- Water Changes: Bi-weekly
These fish are fairly hardy, and a school of of 7 or more will do best in a 15 to 20 gallon aquarium. They are more difficult to keep than many other tetras, and water conditions should be soft and acidic for them to thrive. Peat filtration is advisable. They need a high quality filter to keep the water level stable. These fish will also appreciate an undergravel filter to help keep the tank oxygenated and to filter waste that makes it to the substrate between cleanings. Lighting in the tank should be dim as they come from areas with dense forest cover.
The aquarium should be an established tank that is well planted with some open space for swimming. A biotope tank is best. Using a substrate of river sand with a handful of dried leaves will give the tank a natural feel. Make sure to remove and replace the dried leaves every few weeks. Woodwork and floating plants will make them feel comfortable. A few hiding places with bogwood or driftwood would be appreciated.
- Minimum Tank Size: 15 gal (57 L) – A 15-gallon or larger aquarium is needed for a small school.
- Suitable for Nano Tank: Yes
- Substrate Type: Any
- Lighting Needs: Moderate – normal lighting
- Temperature: 72.0 to 82.0° F (22.2 to 27.8° C)
- Breeding Temperature: 79.0° F – A temperature of 77 to 82° F (25- 27.7° C) is best for breeding.
- Range ph: 5.5-6.8 – A ph of 6.0 to 6.5 is best for breeding. This blackwater native is very intolerant of harder, alkaline water. Peat filtration is advisable.
- Hardness Range: 2 – 8 dGH
- Brackish: No
- Water Movement: Moderate
- Water Region: All – These fish will swim in all areas of the aquarium.
The Rummy-nose is a peaceful community species. These tetras will do better and look best when kept in a group of 7 to 10 fish. They look great in a planted aquarium with some free space for swimming. The Rummy-nose does not do well with overly boisterious fish. Good tankmates are smaller rasboras, peaceful barbs, some peaceful dwarf ciclids, peaceful bottom feeders, and discus. Tetras will be startled by loud sounds or excessive movement outside the tank, so be sure to situate them appropriately.
- Venomous: No
- Temperament: Peaceful
- Compatible with:
- Same species – conspecifics: Yes – These fish are more comfortable in larger schools of at least 7 to 10 individuals.
- Peaceful fish (): Safe
- Semi-Aggressive (): Threat
- Aggressive (): Threat
- Large Semi-Aggressive (): Threat
- Large Aggressive, Predatory (): Threat
- Shrimps, Crabs, Snails: Safe – not aggressive
- Plants: Safe
The male is thinner than the female, and the female is more compact with a larger stomach during spawning.
Breeding / Reproduction
Rummy-nose Tetras are egg layers that are reportedly more difficult to breed than many other tetras. To breed them, the water must be soft and slightly acidic. These are “blackwater” fish, so peat filtration is suggested for breeding. They will spawn on the bottom of the aquarium or on pinnate leaves of plants. A separate breeding tank will help get the best number of fry.
A 10-gallon spawning tank is adequate, with a warmer temperature around 82 to 86° F (27.7 – 30° C). The water should be soft and slightly acidic with a pH of 6 to 6.2 and a hardness of 4 to 6°. Keep the tank dimly lit as both the eggs and fry are light sensitive. Provide clumps of spawning mops or java moss, so the female has a place to deposit the eggs. A layer of mesh also works as long as the spaces are wide enough for the eggs to pass through but small enough to keep the parents out. A small air-powered sponge filter is all that is really needed for filtration. Filtering the water through aquarium safe-peat is a good choice.
They can be bred in pairs, but the most successful way to spawn these fish is in groups of about 6 males and 6 females. To optimize breeding success, condition the males and females in separate tanks prior to breeding. Feed them a rich diet that includes plenty of small, live foods. Select a breeding pair or small group and transfer them into the breeding tank in the evening. A mature female’s belly will become nicely rounded when she is full of eggs. Choose males that are the most colorful.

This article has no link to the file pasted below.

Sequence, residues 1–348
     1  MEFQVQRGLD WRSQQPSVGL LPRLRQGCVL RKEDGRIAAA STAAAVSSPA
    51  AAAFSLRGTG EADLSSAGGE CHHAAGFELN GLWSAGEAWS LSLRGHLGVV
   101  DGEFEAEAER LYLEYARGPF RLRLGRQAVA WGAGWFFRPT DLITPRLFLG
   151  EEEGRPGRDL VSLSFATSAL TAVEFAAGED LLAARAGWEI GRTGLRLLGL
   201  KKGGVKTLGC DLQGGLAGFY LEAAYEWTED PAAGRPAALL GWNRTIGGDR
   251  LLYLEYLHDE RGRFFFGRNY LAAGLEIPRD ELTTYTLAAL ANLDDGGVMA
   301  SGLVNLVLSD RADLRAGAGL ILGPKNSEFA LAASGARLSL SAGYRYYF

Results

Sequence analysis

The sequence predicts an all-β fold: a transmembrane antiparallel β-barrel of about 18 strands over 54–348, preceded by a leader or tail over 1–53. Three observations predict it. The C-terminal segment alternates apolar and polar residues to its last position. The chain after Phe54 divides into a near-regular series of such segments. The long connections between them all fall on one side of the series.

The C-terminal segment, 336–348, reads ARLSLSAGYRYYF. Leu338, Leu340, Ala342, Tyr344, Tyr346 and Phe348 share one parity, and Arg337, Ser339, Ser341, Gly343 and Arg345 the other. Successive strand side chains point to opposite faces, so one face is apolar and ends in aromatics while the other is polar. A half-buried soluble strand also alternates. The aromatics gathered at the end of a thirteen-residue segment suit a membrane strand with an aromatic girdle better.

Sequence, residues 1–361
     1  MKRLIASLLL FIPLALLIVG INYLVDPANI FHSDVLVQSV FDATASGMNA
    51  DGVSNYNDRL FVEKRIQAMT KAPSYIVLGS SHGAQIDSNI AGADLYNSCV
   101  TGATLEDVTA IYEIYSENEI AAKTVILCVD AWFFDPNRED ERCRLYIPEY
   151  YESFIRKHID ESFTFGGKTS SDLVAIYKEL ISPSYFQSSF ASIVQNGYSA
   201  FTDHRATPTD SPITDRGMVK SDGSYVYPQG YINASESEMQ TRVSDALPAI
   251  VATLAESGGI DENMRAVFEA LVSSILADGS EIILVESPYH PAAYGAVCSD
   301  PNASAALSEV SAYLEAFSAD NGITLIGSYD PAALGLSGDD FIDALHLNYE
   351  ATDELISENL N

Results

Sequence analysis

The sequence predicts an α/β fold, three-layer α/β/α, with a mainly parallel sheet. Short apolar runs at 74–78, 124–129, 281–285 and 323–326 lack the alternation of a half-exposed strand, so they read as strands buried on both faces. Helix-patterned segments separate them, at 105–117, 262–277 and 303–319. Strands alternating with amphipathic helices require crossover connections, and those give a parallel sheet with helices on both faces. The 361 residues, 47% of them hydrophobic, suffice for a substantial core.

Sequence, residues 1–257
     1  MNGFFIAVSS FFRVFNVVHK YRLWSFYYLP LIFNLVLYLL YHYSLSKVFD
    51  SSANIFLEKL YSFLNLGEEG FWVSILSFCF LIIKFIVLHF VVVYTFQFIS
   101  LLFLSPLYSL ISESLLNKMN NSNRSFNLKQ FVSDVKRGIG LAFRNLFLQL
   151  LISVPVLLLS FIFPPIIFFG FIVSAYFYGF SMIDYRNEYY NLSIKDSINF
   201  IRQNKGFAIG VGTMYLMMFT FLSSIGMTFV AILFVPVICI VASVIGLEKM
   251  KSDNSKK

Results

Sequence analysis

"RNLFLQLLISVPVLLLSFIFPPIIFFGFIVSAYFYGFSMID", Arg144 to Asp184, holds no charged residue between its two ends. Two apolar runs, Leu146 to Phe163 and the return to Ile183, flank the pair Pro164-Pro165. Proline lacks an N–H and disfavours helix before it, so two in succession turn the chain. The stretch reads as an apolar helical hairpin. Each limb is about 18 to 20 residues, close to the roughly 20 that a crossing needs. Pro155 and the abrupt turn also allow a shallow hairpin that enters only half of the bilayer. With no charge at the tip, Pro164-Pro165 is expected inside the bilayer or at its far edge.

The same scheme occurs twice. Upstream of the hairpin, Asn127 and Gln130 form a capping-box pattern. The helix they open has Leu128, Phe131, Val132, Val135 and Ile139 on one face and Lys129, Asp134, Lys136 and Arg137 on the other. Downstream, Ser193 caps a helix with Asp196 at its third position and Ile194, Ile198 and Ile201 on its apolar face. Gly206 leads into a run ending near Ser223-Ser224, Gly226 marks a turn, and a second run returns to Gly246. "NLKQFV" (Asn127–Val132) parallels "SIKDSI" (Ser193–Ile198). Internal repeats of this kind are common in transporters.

They typically spawn in the morning. The parents will pale in color after spawning and must be removed immediately, or they will eat the eggs. Eggs will hatch in approximately 24 to 36 hours. The tiny fry will be free-swimming 3 to 4 days later. The smallest foods possible, like infusoria, are needed for the first few days until the fry are large enough to feed on microworm or brine shrimp nauplii. See Breeding Freshwater Fish: Characins for a general description of breeding processes, and see Fish Food for Fry for information about types of foods for raising the young.
- Ease of Breeding: Moderate
Rummy-nose Tetras are prone to develop ick if their water is not soft and acidic. They will resist disease as long as the tank is well-maintained and stable. Overall, they are hardy, and disease is not usually a problem in a well-maintained aquarium. That being said, there is no guarantee that you won’t have to deal with health problems or disease. Anything you add to your tank can introduce disease. Not only other fish but plants, substrate, and decorations can harbor bacteria. Take great care and make sure to properly clean or quarantine anything that you add to an established tank so as not to upset the balance.
A good thing about the Rummy-nose Tetra is that due to their resilience, an outbreak of disease can often be limited to just one or a few fishes if dealt with at an early stage. When keeping more sensitive types of fish, it is common for all fishes to be infected even before the first warning signs can be noticed. The best way to proactively prevent disease is to give your Firehead Tetra the proper environment and a well-balanced diet. The more closely their enviornment resembles their natural habitat, the less stress the fish will have, making them healthier and happier. Stressed fish are more likely to acquire disease.
As with most fish, they are prone to skin flukes, parasitic infestations (protozoa, worms, etc.), ichthyobodo infection, parasitic infestations (protozoa, worms, etc.), bacterial infections (general), and bacterial disease. Aquarists should read up on common tank diseases. Knowing the signs and catching and treating them early makes a huge difference. For information about freshwater fish diseases and illnesses, see Aquarium Fish Diseases and Treatments.
The Rummy-nose Tetra is readily available and reasonably priced.
Featured Image Credit: Grigorev Mikhail, Shutterstock